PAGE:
[ACCEPTED]-How Java linker works?-specifications
There is no such thing as a Java "linker". There 7 is, however, the concept of a classloader 6 which - given an array of java byte codes 5 from "somewhere" - can create an internal 4 representation of a Class which can then 3 be used with
In this scenario interfaces 2 are just special classes. Methods and fields 1 are available when the class has been loaded.
First of all: methods are always part of 33 a class. Interfaces are basically just special 32 classes, and packages are just a part of 31 the fully qualified name of a class with 30 some impact on visibility and the physical 29 organization of class files.
So the question 28 comes down to: how does a JVM link class 27 files? The JVM spec you linked to says:
The 26 Java programming language allows an implementation 25 flexibility as to when linking activities 24 (and, because of recursion, loading) take 23 place, provided that the semantics of 22 the language are respected, that a class or 21 interface is completely verified and prepared 20 before it is initialized, and that errors 19 detected during linkage are thrown at 18 a point in the program where some action 17 is taken by the program that might require 16 linkage to the class or interface involved 15 in the error.
For example, an implementation 14 may choose to resolve each symbolic reference 13 in a class or interface individually, only 12 when it is used (lazy or late resolution), or 11 to resolve them all at once, for example, while 10 the class is being verified (static resolution). This 9 means that the resolution process may 8 continue, in some implementations, after 7 a class or interface has been initialized.
Thus, the 6 question can only be answered for a specific 5 JVM implementation.
Furthermore, it should 4 never make a difference in the behaviour 3 of Java programs, except possibly for the 2 exact point where linking errors result 1 in runtime
Error instances being thrown.
Java doesn't do linking the way C does. The 8 principle unit is the class definition. A 7 lot of the matching of a class reference 6 to its definition happens at runtime. So 5 you could compile a class against one version 4 of a library, but provide another version 3 at runtime. If the relevant signatures match, everything 2 will be ok. There's some in-lining of constants 1 at compile time, but that's about it.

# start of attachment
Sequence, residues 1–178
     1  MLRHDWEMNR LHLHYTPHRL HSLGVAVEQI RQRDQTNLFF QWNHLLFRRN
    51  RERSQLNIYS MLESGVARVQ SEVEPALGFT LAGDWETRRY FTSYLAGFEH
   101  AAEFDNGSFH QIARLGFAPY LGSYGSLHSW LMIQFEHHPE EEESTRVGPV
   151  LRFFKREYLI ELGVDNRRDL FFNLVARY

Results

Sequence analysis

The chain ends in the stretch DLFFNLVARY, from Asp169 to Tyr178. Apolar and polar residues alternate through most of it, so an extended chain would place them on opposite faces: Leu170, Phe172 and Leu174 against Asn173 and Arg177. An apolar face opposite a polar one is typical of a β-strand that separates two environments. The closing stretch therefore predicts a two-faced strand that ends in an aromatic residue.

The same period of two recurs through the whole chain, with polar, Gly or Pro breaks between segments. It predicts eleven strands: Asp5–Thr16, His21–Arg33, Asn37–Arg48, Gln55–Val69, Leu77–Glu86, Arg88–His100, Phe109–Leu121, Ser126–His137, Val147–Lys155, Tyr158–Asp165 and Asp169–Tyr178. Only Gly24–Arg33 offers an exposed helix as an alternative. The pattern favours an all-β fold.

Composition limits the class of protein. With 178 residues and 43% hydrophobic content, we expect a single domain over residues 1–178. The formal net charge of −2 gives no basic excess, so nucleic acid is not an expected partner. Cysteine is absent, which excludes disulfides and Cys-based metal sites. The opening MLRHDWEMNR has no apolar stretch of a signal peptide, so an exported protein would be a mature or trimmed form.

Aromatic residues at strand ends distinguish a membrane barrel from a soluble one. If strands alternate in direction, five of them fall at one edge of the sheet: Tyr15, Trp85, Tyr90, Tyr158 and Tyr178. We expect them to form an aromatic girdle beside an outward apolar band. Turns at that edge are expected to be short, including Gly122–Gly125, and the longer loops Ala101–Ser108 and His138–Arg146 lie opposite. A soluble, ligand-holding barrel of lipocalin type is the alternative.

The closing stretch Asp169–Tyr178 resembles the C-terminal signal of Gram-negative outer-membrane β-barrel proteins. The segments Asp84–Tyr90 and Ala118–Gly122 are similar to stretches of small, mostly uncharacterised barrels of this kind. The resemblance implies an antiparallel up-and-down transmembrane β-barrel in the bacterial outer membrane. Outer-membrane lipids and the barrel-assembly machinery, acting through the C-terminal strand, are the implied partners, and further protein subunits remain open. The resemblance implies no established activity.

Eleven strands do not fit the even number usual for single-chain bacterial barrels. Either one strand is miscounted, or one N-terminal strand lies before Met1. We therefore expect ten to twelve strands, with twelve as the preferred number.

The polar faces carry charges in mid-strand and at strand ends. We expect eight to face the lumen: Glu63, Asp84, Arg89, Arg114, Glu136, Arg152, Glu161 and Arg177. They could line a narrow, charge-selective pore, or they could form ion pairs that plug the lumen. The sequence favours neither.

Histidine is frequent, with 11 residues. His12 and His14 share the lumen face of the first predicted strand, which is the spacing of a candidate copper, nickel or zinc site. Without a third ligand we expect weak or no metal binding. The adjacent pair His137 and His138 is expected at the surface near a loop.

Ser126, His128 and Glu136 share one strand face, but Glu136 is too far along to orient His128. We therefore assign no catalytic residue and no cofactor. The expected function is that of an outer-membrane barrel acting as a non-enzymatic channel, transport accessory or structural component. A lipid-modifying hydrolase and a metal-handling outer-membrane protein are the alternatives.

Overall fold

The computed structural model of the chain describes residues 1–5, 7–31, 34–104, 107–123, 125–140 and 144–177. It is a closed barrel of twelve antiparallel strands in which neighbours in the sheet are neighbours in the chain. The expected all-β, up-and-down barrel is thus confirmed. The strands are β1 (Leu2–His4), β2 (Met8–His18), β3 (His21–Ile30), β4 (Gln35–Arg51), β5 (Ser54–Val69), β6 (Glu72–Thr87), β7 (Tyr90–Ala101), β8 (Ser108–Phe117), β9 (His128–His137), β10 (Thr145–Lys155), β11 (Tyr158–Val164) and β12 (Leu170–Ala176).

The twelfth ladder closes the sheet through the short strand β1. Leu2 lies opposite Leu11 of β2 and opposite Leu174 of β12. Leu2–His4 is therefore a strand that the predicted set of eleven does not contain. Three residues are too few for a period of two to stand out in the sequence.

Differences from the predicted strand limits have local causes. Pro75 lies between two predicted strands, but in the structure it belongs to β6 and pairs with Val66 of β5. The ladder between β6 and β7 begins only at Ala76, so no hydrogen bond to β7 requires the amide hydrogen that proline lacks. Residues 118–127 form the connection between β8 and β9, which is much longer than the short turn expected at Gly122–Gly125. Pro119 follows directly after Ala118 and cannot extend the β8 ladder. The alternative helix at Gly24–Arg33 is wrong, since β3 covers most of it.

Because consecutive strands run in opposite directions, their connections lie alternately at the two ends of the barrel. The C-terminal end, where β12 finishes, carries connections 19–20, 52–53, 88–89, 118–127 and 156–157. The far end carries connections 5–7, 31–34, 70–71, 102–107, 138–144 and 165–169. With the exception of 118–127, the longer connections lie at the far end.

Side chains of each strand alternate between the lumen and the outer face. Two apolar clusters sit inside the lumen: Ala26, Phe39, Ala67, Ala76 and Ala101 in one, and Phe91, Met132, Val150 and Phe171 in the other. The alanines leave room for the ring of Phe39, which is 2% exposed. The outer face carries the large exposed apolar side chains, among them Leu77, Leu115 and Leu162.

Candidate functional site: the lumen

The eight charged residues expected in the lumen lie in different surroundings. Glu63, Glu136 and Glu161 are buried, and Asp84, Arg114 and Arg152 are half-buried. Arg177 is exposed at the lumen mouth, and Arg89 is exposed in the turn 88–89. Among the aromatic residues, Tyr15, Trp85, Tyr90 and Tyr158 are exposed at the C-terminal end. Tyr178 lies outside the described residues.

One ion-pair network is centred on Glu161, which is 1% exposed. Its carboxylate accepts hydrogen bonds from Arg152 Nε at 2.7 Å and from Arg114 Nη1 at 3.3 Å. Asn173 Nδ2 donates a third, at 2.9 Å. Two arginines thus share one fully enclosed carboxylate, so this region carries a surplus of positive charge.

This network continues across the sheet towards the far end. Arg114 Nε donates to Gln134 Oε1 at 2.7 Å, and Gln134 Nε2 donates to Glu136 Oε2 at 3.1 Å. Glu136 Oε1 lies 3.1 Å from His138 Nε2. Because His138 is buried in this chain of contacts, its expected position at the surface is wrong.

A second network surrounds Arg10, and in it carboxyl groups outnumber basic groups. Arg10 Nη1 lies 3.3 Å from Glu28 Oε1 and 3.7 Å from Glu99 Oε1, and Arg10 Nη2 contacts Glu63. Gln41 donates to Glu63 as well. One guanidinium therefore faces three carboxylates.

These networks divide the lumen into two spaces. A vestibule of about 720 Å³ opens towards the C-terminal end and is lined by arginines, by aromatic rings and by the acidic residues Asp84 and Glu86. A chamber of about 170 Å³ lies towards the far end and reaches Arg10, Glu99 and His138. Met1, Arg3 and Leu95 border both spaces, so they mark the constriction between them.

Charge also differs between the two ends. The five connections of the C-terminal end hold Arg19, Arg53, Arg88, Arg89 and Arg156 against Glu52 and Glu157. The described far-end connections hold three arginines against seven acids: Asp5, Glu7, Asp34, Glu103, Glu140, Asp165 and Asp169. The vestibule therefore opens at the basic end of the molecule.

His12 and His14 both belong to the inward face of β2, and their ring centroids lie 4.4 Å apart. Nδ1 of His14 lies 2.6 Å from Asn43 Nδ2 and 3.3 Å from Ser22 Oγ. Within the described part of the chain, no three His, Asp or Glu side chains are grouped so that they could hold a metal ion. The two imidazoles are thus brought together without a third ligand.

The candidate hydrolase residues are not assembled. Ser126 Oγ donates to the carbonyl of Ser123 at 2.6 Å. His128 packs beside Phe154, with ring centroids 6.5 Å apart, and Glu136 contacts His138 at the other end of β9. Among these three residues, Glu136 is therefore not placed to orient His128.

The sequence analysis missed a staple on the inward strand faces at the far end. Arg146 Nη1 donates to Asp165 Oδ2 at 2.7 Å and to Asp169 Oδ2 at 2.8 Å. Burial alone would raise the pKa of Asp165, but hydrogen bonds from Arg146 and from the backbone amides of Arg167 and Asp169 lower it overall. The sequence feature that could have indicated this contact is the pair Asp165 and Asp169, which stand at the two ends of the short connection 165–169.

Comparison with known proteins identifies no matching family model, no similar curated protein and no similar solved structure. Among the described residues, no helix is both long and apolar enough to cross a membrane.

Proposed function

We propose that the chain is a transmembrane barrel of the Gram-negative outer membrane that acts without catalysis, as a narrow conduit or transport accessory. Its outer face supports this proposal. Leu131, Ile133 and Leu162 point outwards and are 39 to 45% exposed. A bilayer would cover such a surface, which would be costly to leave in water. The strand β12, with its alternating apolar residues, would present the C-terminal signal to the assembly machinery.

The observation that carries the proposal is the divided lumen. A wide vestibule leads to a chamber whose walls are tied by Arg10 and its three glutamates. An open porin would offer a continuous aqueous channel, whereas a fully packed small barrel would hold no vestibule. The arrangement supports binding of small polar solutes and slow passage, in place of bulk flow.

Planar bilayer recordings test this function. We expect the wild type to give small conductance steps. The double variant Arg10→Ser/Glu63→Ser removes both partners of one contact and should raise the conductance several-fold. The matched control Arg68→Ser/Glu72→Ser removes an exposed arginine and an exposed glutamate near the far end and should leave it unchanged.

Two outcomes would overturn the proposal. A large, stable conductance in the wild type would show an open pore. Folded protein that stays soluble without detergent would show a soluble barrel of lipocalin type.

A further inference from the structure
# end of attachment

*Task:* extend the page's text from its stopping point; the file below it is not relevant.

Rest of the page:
As noted previously Java compiler doesn't 22 have a linker. However, JVM has a linking 21 phase, which performed after class loading. JVM 20 spec defines it at best:
Linking a class 19 or interface involves verifying and preparing 18 that class or interface, its direct superclass, its 17 direct superinterfaces, and its element 16 type (if it is an array type), if necessary. Resolution 15 of symbolic references in the class or interface 14 is an optional part of linking.
This specification 13 allows an implementation flexibility as 12 to when linking activities (and, because 11 of recursion, loading) take place, provided 10 that all of the following properties are 9 maintained:
A class or interface is completely 8 loaded before it is linked.
A class or interface 7 is completely verified and prepared before 6 it is initialized.
Errors detected during 5 linkage are thrown at a point in the program where 4 some action is taken by the program that 3 might, directly or indirectly, require 2 linkage to the class or interface involved 1 in the error.
Linking is one of the three activities performed 13 by ClassLoaders. It includes verification, preparation, and 12 (optionally) resolution.
Verification : It ensures the 11 correctness of .class file i.e. it check 10 whether this file is properly formatted 9 and generated by valid compiler or not. If 8 verification fails, we get run-time exception 7 java.lang.VerifyError.
Preparation : JVM allocates memory 6 for class variables and initializing the 5 memory to default values.
Resolution : It is the process 4 of replacing symbolic references from the 3 type with direct references. It is done 2 by searching into method area to locate 1 the referenced entity.
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